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Prog Brain Res. 2007;161:97-109.

Substance P in traumatic brain injury.

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Discipline of Pathology, University of Adelaide, Adelaide, South Australia, Australia.


Recent evidence has suggested that neuropeptides, and in particular substance P (SP), may play a critical role in the development of morphological injury and functional deficits following acute insults to the brain. Few studies, however, have examined the role of SP, and more generally, neurogenic inflammation, in the pathophysiology of traumatic brain injury and stroke. Those studies that have been reported suggest that SP is released following injury to the CNS and facilitates the increased permeability of the blood brain barrier, the development of vasogenic edema and the subsequent cell death and functional deficits that are associated with these events. Inhibition of the SP activity, either through inhibition of the neuropeptide release or the use of SP receptor antagonists, have consistently resulted in profound decreases in edema formation and marked improvements in functional outcome. The current review summarizes the role of SP in acute brain injury, focussing on its properties as a neurotransmitter and the potential for SP to adversely affect outcome.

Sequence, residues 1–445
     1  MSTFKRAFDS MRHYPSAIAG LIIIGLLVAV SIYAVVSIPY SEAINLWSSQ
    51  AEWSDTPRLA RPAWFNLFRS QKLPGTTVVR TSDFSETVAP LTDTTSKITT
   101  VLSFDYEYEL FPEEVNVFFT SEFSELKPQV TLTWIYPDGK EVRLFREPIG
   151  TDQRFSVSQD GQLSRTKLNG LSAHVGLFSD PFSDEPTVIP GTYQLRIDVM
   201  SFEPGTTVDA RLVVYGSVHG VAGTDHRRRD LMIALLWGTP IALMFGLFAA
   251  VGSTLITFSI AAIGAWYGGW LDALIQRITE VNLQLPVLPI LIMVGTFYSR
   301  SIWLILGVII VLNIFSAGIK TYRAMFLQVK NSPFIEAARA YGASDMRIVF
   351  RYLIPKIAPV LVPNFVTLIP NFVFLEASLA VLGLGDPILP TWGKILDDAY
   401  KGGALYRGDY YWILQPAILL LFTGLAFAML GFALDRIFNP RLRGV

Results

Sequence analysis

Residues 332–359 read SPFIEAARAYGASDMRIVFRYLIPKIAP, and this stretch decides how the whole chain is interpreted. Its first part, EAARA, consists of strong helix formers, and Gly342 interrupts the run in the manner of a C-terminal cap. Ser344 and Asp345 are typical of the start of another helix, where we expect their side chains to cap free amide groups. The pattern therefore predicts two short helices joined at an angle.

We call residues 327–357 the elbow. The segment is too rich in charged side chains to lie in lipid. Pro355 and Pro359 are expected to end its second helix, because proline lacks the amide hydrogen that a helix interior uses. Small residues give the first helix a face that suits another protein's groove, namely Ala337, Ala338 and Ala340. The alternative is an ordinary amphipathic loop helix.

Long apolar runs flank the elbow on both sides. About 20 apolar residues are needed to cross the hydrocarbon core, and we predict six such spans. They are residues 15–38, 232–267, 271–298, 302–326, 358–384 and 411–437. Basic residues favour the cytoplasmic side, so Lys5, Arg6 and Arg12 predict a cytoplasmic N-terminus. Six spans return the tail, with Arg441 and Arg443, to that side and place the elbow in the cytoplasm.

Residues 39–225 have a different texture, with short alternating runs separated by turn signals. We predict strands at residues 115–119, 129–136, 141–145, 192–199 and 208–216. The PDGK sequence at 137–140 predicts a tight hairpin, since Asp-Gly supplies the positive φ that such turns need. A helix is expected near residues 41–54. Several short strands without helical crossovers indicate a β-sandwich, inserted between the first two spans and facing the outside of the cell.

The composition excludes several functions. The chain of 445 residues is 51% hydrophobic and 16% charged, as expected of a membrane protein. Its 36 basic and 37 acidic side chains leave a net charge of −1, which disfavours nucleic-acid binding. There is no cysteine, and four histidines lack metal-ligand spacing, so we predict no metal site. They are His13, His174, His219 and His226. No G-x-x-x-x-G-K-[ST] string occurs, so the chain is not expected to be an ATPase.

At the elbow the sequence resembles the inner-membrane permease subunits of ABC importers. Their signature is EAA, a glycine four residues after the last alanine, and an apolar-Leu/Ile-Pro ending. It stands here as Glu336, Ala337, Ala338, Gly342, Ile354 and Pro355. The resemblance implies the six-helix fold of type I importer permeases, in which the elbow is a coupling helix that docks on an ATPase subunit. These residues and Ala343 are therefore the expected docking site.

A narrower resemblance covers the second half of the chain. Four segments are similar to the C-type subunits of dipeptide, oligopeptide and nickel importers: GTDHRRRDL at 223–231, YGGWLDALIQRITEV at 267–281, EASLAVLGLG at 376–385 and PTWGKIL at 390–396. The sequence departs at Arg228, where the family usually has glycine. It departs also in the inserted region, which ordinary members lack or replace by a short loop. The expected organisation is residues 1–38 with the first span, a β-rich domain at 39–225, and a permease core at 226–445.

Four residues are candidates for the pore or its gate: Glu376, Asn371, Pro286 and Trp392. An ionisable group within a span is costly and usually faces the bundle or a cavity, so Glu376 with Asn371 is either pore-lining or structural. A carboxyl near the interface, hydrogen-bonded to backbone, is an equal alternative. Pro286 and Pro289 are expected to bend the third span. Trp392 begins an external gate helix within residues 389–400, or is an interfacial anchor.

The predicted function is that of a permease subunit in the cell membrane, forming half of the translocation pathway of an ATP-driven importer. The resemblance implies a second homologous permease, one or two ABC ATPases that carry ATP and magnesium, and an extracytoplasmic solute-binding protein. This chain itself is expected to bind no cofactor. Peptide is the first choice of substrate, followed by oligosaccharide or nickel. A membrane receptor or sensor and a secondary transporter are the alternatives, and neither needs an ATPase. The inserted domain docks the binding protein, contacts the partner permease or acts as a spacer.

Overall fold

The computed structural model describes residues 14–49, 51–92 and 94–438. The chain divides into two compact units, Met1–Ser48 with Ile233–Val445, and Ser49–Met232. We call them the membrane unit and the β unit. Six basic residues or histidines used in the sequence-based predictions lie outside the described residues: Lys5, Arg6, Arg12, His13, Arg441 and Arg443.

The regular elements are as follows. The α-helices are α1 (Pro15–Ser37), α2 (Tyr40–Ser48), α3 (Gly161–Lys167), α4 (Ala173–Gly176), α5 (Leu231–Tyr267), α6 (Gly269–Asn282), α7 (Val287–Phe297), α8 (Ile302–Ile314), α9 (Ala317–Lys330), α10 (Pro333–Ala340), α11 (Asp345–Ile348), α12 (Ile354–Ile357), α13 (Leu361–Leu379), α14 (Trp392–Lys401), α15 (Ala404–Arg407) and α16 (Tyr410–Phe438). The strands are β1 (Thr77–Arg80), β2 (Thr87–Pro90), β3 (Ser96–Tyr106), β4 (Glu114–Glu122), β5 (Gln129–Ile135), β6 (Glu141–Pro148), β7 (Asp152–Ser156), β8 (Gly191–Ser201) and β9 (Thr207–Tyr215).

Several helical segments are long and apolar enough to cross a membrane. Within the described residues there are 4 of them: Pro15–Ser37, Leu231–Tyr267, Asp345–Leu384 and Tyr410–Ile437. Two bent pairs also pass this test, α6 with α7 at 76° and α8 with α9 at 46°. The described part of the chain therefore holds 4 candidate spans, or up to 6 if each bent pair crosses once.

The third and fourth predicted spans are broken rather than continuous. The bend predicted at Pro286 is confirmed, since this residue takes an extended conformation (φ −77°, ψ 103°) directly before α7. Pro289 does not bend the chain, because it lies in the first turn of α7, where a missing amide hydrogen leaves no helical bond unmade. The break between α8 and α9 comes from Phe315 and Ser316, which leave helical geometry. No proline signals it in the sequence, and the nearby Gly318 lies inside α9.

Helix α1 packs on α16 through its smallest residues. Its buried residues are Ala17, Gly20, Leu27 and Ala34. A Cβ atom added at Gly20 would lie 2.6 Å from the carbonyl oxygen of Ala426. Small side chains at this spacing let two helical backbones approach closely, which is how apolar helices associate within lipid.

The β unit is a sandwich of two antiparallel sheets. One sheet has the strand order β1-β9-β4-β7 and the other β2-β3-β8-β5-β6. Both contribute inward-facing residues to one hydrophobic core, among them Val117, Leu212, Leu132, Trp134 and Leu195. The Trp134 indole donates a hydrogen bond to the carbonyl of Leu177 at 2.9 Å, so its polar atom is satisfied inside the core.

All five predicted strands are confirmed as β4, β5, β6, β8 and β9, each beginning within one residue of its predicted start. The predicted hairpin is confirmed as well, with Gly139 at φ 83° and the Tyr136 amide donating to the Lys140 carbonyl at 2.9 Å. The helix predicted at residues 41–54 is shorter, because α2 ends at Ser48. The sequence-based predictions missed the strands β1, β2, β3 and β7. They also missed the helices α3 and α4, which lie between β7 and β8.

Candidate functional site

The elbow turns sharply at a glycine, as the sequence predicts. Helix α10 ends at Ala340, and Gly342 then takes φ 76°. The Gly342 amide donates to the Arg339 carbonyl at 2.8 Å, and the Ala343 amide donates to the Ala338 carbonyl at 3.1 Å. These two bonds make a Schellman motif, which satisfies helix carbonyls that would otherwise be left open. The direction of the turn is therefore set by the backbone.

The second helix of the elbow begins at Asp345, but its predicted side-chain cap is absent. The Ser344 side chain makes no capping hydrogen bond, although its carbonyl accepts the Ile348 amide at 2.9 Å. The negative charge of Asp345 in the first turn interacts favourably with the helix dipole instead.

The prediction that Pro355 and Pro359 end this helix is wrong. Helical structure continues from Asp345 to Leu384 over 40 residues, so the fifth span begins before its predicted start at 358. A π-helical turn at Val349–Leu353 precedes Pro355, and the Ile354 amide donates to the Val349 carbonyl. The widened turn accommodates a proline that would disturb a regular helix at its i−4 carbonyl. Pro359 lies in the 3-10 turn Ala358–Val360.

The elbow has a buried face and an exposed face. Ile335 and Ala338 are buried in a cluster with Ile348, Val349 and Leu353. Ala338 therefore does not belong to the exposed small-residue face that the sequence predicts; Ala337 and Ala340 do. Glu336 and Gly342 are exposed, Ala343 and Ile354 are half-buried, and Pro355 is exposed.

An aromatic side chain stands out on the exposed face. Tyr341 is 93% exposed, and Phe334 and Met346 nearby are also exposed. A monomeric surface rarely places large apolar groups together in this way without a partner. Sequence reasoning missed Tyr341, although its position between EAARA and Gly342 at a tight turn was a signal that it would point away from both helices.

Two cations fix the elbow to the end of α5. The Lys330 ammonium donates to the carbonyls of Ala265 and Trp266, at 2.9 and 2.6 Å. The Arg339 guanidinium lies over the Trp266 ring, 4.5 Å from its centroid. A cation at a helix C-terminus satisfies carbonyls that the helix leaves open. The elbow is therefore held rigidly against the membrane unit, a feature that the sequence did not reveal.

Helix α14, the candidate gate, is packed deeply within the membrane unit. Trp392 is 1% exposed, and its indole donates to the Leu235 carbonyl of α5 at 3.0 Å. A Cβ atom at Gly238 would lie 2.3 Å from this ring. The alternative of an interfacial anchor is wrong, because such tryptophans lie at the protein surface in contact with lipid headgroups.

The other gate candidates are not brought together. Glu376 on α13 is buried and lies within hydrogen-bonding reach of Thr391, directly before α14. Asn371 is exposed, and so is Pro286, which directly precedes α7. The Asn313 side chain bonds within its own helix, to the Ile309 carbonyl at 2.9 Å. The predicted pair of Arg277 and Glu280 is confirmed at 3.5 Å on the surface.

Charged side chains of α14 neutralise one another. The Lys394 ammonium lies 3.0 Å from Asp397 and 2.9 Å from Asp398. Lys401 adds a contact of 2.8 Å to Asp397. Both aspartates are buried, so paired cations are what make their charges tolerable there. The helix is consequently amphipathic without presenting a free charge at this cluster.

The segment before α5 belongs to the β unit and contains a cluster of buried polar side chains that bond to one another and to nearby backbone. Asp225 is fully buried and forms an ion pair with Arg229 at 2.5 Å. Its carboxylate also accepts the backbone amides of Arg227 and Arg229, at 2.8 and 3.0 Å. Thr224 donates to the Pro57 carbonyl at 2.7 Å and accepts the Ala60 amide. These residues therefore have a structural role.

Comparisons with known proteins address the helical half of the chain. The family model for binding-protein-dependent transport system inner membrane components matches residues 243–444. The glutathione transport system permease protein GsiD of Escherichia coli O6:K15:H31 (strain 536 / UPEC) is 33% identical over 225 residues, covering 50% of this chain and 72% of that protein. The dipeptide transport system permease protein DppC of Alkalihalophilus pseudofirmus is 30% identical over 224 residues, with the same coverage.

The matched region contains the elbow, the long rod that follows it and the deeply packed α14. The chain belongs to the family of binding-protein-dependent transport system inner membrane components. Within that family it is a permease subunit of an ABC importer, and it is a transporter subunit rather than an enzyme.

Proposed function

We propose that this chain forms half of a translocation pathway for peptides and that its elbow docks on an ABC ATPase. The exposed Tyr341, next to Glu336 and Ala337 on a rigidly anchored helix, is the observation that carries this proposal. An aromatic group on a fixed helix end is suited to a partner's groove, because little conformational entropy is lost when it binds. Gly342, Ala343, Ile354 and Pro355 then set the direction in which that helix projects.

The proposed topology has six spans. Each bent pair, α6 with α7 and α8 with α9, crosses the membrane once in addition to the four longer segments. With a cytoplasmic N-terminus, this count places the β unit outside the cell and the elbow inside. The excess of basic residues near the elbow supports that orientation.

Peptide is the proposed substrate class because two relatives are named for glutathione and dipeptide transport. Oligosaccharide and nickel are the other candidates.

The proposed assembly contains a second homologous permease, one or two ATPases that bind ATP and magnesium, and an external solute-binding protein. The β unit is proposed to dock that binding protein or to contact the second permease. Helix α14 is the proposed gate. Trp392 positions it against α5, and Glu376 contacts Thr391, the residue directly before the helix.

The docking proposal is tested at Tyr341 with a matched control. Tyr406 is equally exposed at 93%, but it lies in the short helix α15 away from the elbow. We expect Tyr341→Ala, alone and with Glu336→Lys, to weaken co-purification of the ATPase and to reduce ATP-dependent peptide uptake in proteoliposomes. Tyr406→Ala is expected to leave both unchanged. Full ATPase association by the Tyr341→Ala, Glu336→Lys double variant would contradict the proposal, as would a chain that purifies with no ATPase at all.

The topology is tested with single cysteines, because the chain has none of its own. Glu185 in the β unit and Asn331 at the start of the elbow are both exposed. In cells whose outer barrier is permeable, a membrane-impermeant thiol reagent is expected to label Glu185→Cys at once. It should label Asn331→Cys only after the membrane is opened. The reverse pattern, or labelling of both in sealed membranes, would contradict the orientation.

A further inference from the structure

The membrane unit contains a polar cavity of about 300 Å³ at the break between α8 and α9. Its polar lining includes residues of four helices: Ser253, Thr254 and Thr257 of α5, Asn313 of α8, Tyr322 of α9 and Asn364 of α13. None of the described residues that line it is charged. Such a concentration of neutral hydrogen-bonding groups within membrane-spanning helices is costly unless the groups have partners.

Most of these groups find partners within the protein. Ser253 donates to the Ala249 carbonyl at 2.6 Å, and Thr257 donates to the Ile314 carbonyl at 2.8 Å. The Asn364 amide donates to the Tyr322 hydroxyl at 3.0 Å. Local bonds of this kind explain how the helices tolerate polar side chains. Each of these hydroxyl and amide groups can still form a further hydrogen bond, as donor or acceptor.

[Indexed for MEDLINE]

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